Why Henkel’s New Flame-Resistant Material is a Game Changer

Recently, we partnered with Henkel, a leading provider of advanced material solutions. Back in February 2019, Henkel teamed up with the 3D printing technologists at Origin to develop new 3D printing materials. As part of that collaboration, Henkel have launched a new photopolymer named Loctite 3955, which is highly flame-resistant, meeting aerospace flame testing standards (UL 94 V-0). It also meets smoke and toxicity standards, making it a very safe and robust production-quality material that is suitable for demanding applications in aerospace, heavy industry, transport, and mass production.

Many common 3D printing materials do not meet flame-resistance standards, so there are limited options available when it comes to industrial materials that need to hold up in extreme applications. Loctite 3955 is expected to be a material of choice, especially because it is the first aerospace-rated 3D printing resin that can be printed using SLA (Stereolithography). Here’s everything you need to know about Loctite 3955’s potential.

Flame Resistance

Underwriters Laboratories (UL) is an organization that conducts tests on high-performance materials to rate them for a variety of applications. They can conduct over 200 different tests to determine material properties and certify materials for specific applications. A standard test for flame-resistance is the vertical burn test.

The vertical burn test (flammability UL 94 V) measures the fire-resistance of plastic materials. This test involves placing a flame underneath a test specimen for 10 seconds and then measuring the time it takes for the flames to extinguish. A dry cotton cloth is placed below the specimen to test if any molten drippings can ignite flammable materials. Flame intensity, material thickness, drip height, and specimen pre-treatment are all standardized to ensure consistency across tests.

In order to receive the best possible rating of V-0, the specimen must self-extinguish after 10 seconds or less. If molten material drips from the specimen during this time, these drips cannot ignite the dry cotton indicator cloth. If a material receives a V-0 rating, it is considerably more flame-resistant than materials with a V-1 or a V-2 rating. A material with a V-0 rating is likely to be deemed appropriate for use around flammable materials.

Benefits of SLA

Flame-resistant plastics for additive manufacturing already exist on the market, but Loctite 3955 is the first photopolymer (light-activated resin) to meet the V-0 rating. This enables flame-resistant parts to be printed using the stereolithography (SLA) process. There is a small selection of V-0 rated materials made for other additive manufacturing methods such as SLS selective laser sintering (SLS) and Fused Deposition Modeling (FDM), but these printing methods have drawbacks when compared to SLA.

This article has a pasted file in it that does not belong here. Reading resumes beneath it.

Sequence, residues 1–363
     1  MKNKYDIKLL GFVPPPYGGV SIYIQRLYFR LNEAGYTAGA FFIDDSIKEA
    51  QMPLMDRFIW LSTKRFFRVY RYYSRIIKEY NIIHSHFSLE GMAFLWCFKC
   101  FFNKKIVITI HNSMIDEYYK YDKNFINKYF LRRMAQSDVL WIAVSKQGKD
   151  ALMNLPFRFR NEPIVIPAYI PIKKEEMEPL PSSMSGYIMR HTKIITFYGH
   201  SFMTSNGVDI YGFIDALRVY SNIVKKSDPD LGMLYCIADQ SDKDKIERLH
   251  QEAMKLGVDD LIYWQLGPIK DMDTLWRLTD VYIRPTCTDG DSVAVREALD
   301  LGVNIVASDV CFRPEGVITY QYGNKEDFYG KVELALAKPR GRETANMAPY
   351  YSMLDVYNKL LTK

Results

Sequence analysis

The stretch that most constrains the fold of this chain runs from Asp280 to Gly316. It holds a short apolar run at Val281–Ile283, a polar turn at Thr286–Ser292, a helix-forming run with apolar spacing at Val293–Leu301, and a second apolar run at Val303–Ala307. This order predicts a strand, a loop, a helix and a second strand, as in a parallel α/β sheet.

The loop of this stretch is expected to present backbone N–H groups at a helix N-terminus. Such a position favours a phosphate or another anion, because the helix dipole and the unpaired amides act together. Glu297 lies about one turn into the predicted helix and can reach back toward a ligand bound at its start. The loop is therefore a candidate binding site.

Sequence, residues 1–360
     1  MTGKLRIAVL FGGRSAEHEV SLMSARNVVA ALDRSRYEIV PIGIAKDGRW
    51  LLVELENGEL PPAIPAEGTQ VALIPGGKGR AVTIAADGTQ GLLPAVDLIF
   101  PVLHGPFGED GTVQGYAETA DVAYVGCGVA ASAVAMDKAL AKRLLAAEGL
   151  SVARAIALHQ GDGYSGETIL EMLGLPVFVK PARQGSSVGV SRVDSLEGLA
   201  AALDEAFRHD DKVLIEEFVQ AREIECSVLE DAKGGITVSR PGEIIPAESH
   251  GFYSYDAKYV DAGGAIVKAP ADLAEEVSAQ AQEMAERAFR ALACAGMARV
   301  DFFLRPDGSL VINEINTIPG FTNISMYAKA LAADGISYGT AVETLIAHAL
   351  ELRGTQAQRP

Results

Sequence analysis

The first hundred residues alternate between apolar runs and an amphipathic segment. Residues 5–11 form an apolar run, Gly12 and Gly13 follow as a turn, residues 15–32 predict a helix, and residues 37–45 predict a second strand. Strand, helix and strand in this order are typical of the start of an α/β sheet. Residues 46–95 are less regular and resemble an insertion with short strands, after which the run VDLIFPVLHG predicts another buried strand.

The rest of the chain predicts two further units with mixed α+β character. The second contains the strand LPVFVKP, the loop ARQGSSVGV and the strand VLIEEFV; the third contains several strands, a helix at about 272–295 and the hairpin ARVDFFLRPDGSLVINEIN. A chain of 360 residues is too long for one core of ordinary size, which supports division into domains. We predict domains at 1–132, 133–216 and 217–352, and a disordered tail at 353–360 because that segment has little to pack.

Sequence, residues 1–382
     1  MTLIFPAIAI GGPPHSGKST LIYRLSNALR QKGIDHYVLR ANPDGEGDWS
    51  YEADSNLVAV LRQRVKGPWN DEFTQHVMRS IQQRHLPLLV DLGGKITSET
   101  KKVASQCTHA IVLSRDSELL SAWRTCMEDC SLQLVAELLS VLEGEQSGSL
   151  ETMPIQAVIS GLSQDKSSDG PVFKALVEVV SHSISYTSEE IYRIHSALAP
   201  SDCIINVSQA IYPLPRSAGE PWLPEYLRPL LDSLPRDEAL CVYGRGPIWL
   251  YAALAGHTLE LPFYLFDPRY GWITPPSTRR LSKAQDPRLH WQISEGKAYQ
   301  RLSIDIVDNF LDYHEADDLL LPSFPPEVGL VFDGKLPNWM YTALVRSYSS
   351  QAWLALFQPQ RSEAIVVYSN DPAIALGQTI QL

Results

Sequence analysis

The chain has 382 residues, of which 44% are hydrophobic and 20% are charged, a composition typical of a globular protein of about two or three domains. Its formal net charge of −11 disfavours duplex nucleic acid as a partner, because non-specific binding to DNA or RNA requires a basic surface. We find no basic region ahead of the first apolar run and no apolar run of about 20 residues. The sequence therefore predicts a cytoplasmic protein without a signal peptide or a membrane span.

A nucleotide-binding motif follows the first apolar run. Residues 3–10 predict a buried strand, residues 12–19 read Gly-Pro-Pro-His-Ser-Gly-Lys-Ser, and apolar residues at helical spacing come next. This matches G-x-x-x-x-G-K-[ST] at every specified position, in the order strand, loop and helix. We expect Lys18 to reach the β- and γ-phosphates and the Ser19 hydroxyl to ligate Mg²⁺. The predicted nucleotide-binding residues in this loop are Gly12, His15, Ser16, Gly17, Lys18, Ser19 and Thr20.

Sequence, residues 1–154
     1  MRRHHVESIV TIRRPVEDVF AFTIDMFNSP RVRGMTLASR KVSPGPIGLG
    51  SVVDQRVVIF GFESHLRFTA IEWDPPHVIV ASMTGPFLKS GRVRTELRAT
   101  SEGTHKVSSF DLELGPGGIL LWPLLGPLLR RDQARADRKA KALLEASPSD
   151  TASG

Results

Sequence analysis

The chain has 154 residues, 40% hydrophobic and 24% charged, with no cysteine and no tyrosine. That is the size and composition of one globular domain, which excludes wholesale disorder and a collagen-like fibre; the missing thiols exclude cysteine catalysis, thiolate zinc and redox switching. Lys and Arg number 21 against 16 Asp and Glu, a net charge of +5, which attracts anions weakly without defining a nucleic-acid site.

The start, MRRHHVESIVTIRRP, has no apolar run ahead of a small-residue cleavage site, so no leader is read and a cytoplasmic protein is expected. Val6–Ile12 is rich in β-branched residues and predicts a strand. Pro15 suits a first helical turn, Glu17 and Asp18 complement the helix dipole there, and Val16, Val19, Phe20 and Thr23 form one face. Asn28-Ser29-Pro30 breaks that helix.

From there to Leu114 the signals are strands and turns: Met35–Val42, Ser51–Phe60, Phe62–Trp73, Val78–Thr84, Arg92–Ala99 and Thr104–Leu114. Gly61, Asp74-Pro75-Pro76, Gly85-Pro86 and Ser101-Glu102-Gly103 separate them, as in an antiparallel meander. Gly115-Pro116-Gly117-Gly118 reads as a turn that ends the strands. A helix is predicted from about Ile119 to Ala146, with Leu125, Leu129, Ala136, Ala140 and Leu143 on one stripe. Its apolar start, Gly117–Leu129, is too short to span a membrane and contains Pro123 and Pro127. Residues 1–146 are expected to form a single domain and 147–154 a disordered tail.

SLA uses a laser to cure liquid resin into solid plastic, layer-by-layer until the part is completed. SLA prints have a very high surface quality and they are extremely accurate. Unlike the rough, textured surface of FDM and SLS prints, SLA prints are production-quality and don’t require post-processing. Resins for SLA can provide unique thermal and optical properties that cannot be replicated with any other additive manufacturing method.

High-Performance Applications

Tough, flame-resistant plastics are highly sought after in aerospace, transport, and industrial applications. These industries have rigorous standards for flame-resistance due to safety requirements and the presence of strong heat sources such as high-intensity combustion and thermal management systems.

Now that Loctite 3955 has been announced, 3D printing can break into industries where it would previously have been deemed infeasible. This opens up many possibilities such as enabling the production of complex, flame-resistant parts that would be too difficult, costly, or time-consuming to manufacture using other methods such as CNC machining or injection molding.

3D printing is always evolving and Henkel’s latest material is living proof of that, showing that there’s no limit to the industries the technology can be applied to.

Leave a Reply

Your email address will not be published. Required fields are marked *